It’s the holiday season, the economy is great and most people just cannot get enough of their favorite forms of in-home entertainment. That leaves the opening for a great video game market in the holidays of 2017. It turns out that Activision Blizzard Inc. (NASDAQ: ATVI) is in the running to be the hands-down winner for its release of “Call of Duty: WWII” game.
This appears to have been the best-seller for holiday sales of video games so far in 2017. There has been a heavy level of promotional activities for the game, as well as frequent advertising in multiple mediums.
If you want some strong sales data, the November 8 press release from Activision Blizzard showed that the “Call of Duty: WWII” had gone above $500 million in sell-through worldwide in its first three days of release alone.
Best Buy was shown to have a $20 markdown, which basically made the price $40 plus tax. Wedbush, Cowen and Stifel have all indicated that the hit video game was sold out early on Friday in stores that their teams visited. The Wedbush report noted:
Activision Blizzard’s Call of Duty: WWII appeared to be the most popular game available last week, with Best Buy offering the lowest price we saw at $39.99, representing a $20 discount.
We think Best Buy had a successful Black Friday, as traffic and inventory levels appeared to be higher than last year.
There were mixed results from our consumer electronics channel checks on Black Friday, with moderate inventory levels for Fitbit products, low HERO6 inventory, and relatively high HERO5 inventory in the stores we checked.
One issue that will help Activision Blizzard in this game is the Season Pass for $49.99. This may not help the retailers if it is just streamed directly to consoles. The season pass will allow gamers to follow the journey with 4 DLC Packs in 2018 with new multiplayer maps, new chapters of Nazi zombies and other new missions. The Deluxe Edition is $89.99 with Gold (or $99.99 without).
Activision Blizzard shares were down marginally on Monday morning and 0.2% lower to $65.90 ahead of the noon hour. Their 52-week trading range is $35.12 to $67.03, and the consensus analyst target price is $71.44. It seems hard to imagine, but Activision Blizzard’s market cap was last seen right under $50 billion.
Electronic Arts Inc. (NASDAQ: EA) also was showing strong sales of its newest FIFA soccer and Madden football titles this season. Its shares were last seen down at $107.25, in a 52-week range of $73.74 to $122.79 and with a consensus target price of $127.92. Electronic Arts recently announced the acquisition of Respawn Entertainment, an independent action and shooter game development studio behind the Titanfall franchise.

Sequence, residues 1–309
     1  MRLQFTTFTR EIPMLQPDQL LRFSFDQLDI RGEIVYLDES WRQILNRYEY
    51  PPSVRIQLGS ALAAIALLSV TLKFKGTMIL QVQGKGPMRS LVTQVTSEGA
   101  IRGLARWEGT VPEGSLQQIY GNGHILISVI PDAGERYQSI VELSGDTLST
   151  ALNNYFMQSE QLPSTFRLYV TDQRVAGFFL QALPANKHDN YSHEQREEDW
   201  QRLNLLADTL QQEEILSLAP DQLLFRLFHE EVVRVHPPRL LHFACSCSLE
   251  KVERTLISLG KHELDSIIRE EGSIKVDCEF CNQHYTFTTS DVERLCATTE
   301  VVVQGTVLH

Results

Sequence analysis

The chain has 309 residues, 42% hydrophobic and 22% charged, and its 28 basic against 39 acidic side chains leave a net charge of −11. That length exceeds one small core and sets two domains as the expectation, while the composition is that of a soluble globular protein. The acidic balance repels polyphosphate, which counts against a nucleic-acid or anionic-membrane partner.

Take-Two Interactive Software Inc. (NASDAQ: TTWO) was shown to be selling strong for its latest NBA video game installment. Take-Two shares were last seen down at $117.10, in a 52-week range of $46.27 to $120.62 and with a consensus target price of $126.58. The company recently released new and enhanced versions of its L.A. Noire franchise under its Rockstar Games unit. Oppenheimer also raised Take-Two’s price target to $135 from $112 during the Thanksgiving break.
Amazon has been doing promotions for Cyber Monday as well. The online giant’s video games section said:
Save up to 60% on hit games, including Call of Duty: WWII, Middle-Earth: Shadow of War, Injustice 2, and Overwatch. … Save up to 50% on select Nintendo Switch accessories.
GameStop Corp. (NYSE: GME) is a company that keeps coming up as a loser due to direct streaming from game-makers to consumers. Some investors (particularly short sellers) think the entire company is a bust in the years ahead, similar to how Blockbuster was replaced in movie rentals. GameStop shares were actually up 1.7% at $17.72, but its 52-week range is $15.85 to $26.85 and the consensus target price is $21.35.
Best Buy Co. Inc. (NYSE: BBY) was last seen up 1.3% at $57.75 on Monday, in a 52-week range of $41.67 to $63.32 and with a consensus analyst target of $59.45. Best Buy has been using sales of new phones and appliances, as well as higher dollar sales of newer and larger flat panel 4K television sets as a buffer against its old reputation of merely being “an Amazon showroom,” wherein buyers would go into the stores and then buy the exact same product online for less or for free delivery.